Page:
I used to work with a guy who had inherited an antique dresser from his grandmother. It was one of those ornate dressers like they made at the turn of the last century—the kind with curlicue trim and a long mirror and an assortment of big drawers and small drawers and even drawers within drawers to hide coins and jewelry from would-be thieves and prying relatives.
He didn’t notice the interior drawer at first. It was made not to be noticed, after all. But when he did discover it, he found—instead of gold or diamonds—a letter from his grandmother’s doctor. Typed on the doctor’s stationery, it certified that in his medical opinion, the grandmother was sane.
I thought of that story when I read Mike Pence’s January 12th letter to House Speaker Nancy Pelosi, refusing to invoke the 25th Amendment to remove President Trump from office.
I’m hardly a Pence fan. There’s something cloistered about the way he reportedly avoids business dinners with women and calls his wife Karen “Mother,” though he’s apparently not alone in this practice.
But (wince) he was right when he wrote that using the 25th Amendment as a means of “punishment or usurpation” would set a “terrible precedent.”
Ratified after President John F. Kennedy’s assassination in 1963, the 25th Amendment was designed to be used in the event of “death, removal, resignation, or incapacitation,” according to Cornell Law School’s Legal Information Institute. If, for example, JFK had not died from gunshot wounds, but had instead lingered in a coma, it would have been more difficult for Vice President Lyndon Johnson to step in. When President Woodrow Wilson suffered a stroke in 1919, his wife Edith Bolling Galt Wilson ran the executive branch.
Pence’s letter quotes Pelosi’s own statements that a president’s fitness for office should be determined by “science and facts”—on a medical decision and not because of a “comment or behavior that we don’t like.”
“Madam Speaker, you were right,” he tells her.
As heinous as Trump’s actions have been, both before and after the January 6 insurrection at the U.S. Capitol, the government can’t just call someone insane or “incapacitated” even if they refuse to accept what is provably true (that Joe Biden won the election) or their words incite an attempted coup. There may be a fine line between guilt and insanity, but you can’t pick one and take action. Law and medicine are different discourses, calling for different processes.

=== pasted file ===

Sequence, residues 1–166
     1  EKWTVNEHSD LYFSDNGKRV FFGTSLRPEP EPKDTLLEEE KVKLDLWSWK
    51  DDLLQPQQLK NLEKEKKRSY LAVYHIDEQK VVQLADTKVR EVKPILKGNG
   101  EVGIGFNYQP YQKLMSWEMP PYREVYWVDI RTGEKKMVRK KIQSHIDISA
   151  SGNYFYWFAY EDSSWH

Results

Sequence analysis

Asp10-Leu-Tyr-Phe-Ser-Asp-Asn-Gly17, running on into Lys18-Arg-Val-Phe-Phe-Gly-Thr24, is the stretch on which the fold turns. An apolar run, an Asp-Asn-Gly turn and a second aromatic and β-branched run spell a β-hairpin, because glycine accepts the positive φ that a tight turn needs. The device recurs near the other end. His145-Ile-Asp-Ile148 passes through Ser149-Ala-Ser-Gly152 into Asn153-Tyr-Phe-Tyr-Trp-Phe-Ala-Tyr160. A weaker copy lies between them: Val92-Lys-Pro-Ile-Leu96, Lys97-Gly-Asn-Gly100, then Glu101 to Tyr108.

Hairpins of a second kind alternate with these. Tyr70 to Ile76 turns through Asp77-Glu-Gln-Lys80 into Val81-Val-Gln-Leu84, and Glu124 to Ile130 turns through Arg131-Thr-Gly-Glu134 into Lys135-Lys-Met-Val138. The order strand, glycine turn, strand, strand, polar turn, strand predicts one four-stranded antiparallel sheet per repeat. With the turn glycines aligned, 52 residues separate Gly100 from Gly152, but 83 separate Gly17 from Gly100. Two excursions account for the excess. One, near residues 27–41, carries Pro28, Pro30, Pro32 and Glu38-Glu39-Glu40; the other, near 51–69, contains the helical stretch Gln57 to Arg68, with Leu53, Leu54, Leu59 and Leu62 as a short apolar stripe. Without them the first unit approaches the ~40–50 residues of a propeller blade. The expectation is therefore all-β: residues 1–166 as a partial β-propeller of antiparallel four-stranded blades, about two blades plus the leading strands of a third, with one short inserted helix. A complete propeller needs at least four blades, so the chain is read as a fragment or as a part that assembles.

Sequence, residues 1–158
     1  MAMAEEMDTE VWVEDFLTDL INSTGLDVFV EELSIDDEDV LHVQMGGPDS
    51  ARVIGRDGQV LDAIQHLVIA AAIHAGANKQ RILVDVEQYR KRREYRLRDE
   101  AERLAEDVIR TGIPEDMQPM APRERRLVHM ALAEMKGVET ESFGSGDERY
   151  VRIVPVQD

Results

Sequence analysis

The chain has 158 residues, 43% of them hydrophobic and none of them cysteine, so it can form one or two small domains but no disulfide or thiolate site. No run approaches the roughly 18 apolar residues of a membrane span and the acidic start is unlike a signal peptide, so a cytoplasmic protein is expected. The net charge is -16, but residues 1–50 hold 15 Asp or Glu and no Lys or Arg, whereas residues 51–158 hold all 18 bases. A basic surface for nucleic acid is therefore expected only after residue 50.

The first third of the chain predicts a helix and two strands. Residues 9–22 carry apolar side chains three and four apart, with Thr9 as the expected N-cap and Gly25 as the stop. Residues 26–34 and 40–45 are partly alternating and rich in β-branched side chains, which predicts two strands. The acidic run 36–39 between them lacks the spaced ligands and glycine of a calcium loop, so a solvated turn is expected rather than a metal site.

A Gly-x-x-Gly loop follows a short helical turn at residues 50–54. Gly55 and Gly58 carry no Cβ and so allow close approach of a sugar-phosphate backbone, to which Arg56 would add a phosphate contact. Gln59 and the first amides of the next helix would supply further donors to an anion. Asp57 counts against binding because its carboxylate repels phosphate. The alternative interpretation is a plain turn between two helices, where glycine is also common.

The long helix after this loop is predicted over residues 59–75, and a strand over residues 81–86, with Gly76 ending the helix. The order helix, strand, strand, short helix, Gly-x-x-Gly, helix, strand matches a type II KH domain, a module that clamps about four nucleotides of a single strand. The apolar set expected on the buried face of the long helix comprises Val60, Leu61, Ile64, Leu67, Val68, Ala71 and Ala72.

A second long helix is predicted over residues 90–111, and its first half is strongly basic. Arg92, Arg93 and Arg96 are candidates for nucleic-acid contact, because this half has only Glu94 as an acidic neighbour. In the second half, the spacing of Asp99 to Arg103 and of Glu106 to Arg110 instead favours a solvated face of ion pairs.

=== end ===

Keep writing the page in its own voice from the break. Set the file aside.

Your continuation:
That’s why my friend’s grandmother’s doctor’s hidden letter is relevant. Too many women have been victims of assumptions about their sanity across the centuries, many supposedly “diagnosed” with “female hysteria”—once an umbrella term for pretty much any behavior that their fathers or husbands didn’t like. “Hysteria” is rooted in the Greek word for womb, which was supposedly the cause of women’s “insanity.” (Male) doctors in the 18th century didn’t agree on what caused it. Some bought into the “roaming uteri” theory—the idea that women were hysterical because their wombs wouldn’t stay put. Others blamed the “female seed.” Many women were committed to institutions, as 19th-century journalist Nellie Bly discovered during her investigation of the Blackwell’s Island asylum.
Knowing this makes one of Trump’s erstwhile epithets against Hillary Clinton--“Lock Her Up”—soul-searingly nefarious to women who understand its historical implications.
It’s amazing how things come full circle.
I don’t know what my friend’s grandmother’s issues with her husband were, but she clearly lived in such fear that she confided in her doctor. The letter was her insurance policy against being locked away against her will.
Fortunately, ethical decisions have sometimes prevailed, as they did for my friend’s grandmother. And as the thoughtful psychiatrist who examined suffragist Alice Paul—sent to a sanitorium after she went on a hunger strike following her arrest for picketing the White House—said, “Courage in women is often mistaken for insanity.”
Trump is hardly courageous, but barring a coma or a stroke or something equally obvious, it wasn’t up to Pence to declare him “incapacitated."
Before I thought about all this—back when the idea of invoking the 25th first came up—I was all for it. But no one in government should go around making medical decisions—logic that Pence clearly saw in this case, and that he might consider extending to the abortion issue. But that's another post.